real estate 

Whistler properties on this year’s assessment roll have generally increased up to 10 per cent.

B.C. Assessment reports a single-family dwelling in the Creekside area valued at $436,000 in the summer of 1998 would have sold for $470,000 the following summer. Alpine Estates saw a small two to three per cent increase with a home valued at $465,000 in 1998 fetching $475,000 in 1999.

Some of the higher-end properties in Sunridge, Blueberry Hill, Nicklaus North and Horstman Estates showed an 18-30 per cent increase. For example, a single-family dwelling in Blueberry valued at $1.3 million in July 1998 would sell for around $1.5 million in the summer of 1999.

Condominiums on this year’s assessment role are also generally valued higher than the previous year. For example, a Creekside condo that sold for $310,000 in 1998 would have seen a $15,000 increase the following year, while a Benchlands unit that sold for $325,000 in the summer of 1998 would have seen a $25,000 increase to $350,000 in 1999.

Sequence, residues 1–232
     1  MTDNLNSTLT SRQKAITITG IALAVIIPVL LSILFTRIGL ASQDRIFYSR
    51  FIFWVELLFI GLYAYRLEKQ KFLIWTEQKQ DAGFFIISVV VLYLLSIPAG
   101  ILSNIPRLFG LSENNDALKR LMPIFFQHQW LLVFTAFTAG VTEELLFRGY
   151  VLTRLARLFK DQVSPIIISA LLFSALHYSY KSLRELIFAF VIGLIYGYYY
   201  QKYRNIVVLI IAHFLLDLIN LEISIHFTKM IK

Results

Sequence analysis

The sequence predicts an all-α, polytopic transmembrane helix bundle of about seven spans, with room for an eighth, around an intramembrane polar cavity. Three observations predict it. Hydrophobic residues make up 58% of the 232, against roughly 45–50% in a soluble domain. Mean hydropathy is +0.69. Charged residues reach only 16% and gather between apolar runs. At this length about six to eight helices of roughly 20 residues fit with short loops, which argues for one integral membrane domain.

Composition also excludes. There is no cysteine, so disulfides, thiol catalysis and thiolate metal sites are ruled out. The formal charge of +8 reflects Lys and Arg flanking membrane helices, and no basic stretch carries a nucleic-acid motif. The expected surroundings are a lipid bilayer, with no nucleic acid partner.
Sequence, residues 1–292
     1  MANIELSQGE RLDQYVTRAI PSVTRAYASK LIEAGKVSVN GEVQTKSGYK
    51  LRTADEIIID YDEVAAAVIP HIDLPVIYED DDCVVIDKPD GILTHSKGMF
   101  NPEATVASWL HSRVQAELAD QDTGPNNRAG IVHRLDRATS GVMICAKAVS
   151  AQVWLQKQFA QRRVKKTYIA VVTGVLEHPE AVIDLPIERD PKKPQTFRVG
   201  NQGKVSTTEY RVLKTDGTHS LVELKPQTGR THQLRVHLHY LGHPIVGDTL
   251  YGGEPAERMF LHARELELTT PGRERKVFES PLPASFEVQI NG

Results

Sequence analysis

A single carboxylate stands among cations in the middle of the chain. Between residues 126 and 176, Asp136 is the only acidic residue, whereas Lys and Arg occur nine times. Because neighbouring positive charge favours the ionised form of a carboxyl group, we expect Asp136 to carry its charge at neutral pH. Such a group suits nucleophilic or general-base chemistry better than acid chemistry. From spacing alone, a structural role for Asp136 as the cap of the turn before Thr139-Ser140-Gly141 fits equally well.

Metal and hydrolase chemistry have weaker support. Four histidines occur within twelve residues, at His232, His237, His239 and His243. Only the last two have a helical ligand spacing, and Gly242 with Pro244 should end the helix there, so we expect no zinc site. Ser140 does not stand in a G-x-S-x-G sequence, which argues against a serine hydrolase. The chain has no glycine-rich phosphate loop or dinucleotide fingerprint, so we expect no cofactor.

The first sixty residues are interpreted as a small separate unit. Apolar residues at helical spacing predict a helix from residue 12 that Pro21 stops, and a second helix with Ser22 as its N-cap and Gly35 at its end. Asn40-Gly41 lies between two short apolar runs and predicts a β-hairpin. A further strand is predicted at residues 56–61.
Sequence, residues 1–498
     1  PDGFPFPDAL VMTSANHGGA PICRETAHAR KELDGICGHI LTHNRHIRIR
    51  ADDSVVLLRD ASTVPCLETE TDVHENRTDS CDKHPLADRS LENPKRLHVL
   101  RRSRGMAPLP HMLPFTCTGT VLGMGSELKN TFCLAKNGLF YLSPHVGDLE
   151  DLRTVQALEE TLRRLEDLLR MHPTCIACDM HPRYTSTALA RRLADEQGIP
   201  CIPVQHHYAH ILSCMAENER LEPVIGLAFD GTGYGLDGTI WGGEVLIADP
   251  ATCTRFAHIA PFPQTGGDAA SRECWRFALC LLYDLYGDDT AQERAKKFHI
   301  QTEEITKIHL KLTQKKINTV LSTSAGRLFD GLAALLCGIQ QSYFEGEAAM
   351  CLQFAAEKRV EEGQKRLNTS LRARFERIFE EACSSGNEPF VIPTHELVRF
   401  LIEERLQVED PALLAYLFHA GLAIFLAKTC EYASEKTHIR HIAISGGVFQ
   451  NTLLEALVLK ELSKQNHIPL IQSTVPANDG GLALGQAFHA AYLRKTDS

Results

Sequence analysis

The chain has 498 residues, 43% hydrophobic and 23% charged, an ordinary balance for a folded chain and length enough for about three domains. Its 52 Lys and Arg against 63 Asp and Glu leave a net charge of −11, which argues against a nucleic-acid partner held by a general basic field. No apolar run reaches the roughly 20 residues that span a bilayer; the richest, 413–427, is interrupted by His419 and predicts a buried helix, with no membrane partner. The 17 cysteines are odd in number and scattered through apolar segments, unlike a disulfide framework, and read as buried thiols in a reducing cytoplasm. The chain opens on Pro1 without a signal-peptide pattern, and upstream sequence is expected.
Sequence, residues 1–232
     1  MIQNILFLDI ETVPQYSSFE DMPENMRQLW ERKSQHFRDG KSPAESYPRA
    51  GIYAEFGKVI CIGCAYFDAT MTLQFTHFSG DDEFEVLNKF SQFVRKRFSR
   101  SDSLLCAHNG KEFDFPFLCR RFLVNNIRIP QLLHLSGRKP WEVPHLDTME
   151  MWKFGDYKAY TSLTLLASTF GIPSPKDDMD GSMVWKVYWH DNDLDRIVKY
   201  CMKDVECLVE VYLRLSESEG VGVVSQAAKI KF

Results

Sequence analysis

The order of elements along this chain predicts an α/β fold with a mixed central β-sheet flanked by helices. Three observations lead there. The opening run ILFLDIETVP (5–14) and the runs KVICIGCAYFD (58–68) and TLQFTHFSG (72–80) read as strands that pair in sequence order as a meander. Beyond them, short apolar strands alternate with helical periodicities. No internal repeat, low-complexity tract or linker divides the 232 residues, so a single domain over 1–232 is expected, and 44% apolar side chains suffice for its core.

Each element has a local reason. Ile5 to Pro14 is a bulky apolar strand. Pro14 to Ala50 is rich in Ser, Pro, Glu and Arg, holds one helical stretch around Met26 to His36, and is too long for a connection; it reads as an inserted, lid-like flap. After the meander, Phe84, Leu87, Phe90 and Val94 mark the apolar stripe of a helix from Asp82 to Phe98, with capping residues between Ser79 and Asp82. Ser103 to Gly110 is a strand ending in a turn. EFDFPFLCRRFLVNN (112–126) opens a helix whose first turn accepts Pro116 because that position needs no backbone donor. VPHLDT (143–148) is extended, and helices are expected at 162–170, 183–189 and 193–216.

Properties in Emerald Estates, however, dropped an average 5.8 per cent. For example, a home that sold for $330,000 in July 1998 would have sold the following year for $311,000.

Whistler’s assessment roll has increased by $357,133,000, from about $4.3 billion to $4.6 billion.

More than 12,000 assessment notices have been mailed to Whistler property owners. If owners feel their assessment is not reflective of market value as of July 1, 1999, or the information on their notice is incorrect, they are encouraged to contact B.C. Assessment directly. If they are still concerned after talking to assessors they may request an independent review of their assessment from a review panel.

The assessments will be used to calculate property taxes.

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